Last week was the point of maximum pressure Trump could have exerted on the Dems. If the government shut down, it would have been their fault and he could have taken to Twitter and every news program to say so. The Democrats were weak, but not weak enough to not have summary control over the Senate and effective leverage in the House.

At this point, it’s not too early to predict that there will never be a border wall, and that there will not be any further controls over “sanctuary cities” and states. Oakland Mayor Libby Schaaf, who infamously warned illegals of coming raids by ICE agents, should and will be prosecuted. That’s good, but not nearly enough. The president will never be able to use the best weapon he had — cutting funds to sanctuary cities and states — thanks to this cave-in.

The only good reason for Trump to have signed this bill is the $80 billion increase in defense spending bought at the expense of about $67 billion in added domestic spending.

For far too many years, the defense budget has been slipping and sliding along on “continuing resolutions.” The “CRs” continue the budget in the same amount as there had been in the preceding fiscal year.

The effects are enormously damaging to defense. As my friend Dave Patterson, former deputy Pentagon comptroller, explained, if a regular Pentagon spending bill is enacted on or before September 30 when the fiscal year ends, the money can be spent effectively. New programs – new ships, aircraft, computers, etc. – can be begun.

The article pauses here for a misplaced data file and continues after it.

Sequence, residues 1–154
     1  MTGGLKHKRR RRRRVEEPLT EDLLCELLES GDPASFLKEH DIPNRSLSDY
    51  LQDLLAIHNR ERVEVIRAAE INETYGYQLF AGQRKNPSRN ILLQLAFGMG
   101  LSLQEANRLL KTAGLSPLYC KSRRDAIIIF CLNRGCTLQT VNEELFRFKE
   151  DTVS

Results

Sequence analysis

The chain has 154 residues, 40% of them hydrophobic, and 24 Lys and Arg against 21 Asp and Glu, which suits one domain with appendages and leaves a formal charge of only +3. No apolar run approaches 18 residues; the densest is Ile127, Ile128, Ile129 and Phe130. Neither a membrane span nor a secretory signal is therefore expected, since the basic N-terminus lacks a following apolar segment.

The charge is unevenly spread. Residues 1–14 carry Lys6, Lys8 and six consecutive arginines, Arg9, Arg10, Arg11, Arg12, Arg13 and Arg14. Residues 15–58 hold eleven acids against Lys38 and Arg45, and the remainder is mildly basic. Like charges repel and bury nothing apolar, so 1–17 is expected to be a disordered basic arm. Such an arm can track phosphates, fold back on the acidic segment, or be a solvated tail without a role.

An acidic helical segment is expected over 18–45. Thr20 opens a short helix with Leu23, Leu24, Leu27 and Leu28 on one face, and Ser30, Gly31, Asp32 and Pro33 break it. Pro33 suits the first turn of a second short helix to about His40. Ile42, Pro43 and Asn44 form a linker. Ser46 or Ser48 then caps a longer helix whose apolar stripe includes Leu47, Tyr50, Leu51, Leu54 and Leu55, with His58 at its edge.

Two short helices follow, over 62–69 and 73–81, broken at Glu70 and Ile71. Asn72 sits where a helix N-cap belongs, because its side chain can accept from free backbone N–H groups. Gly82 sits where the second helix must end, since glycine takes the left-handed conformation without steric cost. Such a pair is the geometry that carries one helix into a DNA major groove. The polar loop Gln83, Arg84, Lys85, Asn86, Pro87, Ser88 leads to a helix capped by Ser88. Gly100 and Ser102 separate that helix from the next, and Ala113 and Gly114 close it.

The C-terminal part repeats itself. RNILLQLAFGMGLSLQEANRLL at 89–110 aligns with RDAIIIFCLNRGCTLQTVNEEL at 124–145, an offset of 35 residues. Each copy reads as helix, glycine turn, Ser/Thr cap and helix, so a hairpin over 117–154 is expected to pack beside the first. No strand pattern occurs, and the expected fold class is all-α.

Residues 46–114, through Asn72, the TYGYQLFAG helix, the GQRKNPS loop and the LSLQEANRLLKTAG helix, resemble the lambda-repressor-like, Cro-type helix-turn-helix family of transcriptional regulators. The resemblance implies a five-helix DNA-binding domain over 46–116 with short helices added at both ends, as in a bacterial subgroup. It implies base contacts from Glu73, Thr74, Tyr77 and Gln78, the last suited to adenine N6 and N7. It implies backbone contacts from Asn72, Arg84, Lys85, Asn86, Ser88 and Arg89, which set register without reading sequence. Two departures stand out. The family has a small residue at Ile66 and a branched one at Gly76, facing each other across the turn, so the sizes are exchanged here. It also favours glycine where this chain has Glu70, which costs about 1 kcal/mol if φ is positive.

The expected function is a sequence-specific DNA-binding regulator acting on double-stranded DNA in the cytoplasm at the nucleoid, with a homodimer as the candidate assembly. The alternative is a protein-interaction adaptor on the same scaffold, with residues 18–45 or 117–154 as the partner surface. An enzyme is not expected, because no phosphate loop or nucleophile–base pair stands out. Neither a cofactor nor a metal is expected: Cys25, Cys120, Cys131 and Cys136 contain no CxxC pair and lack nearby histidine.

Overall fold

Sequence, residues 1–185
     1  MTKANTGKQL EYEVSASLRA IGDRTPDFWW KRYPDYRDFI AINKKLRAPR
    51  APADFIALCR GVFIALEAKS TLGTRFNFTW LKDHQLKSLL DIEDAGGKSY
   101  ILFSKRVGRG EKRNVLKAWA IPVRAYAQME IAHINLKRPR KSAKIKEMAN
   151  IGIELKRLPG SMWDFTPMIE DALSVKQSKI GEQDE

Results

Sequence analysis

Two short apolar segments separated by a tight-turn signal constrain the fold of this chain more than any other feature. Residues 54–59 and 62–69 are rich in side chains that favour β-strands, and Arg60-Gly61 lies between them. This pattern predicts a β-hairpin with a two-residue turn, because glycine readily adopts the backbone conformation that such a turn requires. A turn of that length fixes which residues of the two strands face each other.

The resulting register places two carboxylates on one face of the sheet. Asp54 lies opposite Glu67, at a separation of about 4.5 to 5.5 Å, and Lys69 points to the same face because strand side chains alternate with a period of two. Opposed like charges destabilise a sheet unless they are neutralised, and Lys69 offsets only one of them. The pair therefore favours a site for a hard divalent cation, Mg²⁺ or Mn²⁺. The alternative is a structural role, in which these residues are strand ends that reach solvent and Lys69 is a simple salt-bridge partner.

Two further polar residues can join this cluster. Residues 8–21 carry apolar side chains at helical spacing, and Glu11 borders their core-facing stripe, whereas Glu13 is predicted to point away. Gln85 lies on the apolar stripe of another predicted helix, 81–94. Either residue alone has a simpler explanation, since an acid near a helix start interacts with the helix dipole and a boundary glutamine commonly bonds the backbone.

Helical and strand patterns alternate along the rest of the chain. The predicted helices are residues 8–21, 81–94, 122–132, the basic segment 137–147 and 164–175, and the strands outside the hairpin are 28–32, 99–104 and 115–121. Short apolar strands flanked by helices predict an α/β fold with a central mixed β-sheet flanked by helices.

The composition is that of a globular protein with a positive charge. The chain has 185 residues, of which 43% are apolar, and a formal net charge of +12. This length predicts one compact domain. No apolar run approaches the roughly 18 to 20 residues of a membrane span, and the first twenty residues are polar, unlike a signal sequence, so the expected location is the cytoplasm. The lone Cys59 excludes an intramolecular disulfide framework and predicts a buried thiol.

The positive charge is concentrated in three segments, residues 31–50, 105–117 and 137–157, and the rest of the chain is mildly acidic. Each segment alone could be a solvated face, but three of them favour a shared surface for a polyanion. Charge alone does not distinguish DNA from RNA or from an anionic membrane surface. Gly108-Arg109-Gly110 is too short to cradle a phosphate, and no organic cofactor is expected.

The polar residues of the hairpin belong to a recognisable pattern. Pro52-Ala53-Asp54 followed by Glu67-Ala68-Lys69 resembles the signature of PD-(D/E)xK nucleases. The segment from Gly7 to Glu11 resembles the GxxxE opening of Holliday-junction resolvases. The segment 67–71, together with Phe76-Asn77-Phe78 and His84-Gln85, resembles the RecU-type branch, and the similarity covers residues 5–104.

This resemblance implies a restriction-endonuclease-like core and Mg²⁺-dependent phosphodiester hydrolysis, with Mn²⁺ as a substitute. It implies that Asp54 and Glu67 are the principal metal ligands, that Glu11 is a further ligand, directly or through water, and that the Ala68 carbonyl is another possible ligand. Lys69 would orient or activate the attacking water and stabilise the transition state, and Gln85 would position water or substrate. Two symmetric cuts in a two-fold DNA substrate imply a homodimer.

When regular annual appropriations aren’t enacted, the continuing resolutions effectively block increased and redirected spending because new starts aren’t included in the line-by-line Pentagon budgets. For example, as a result of last year’s CR, Air Force Secretary Heather Wilson said it would (and did) delay the award of a contract to build new trainer aircraft to replace the ones dating back to the Vietnam era.

One of the good reasons for Trump to have signed the bill is that the $80 billion boost in Pentagon spending will enable contract awards to go ahead, pilots and other military people to be brought on (the Air Force is short more than 2,000 pilots, making the accomplishment of missions almost impossible), and desperately needed money to be spent on repairing ships and aircraft which, after nearly seventeen years of continuous war, are no longer capable of performing combat missions. At last report, 70% of Marine F/A-18s can’t fly combat and 30% of the entire Air Force inventory is in the same awful condition.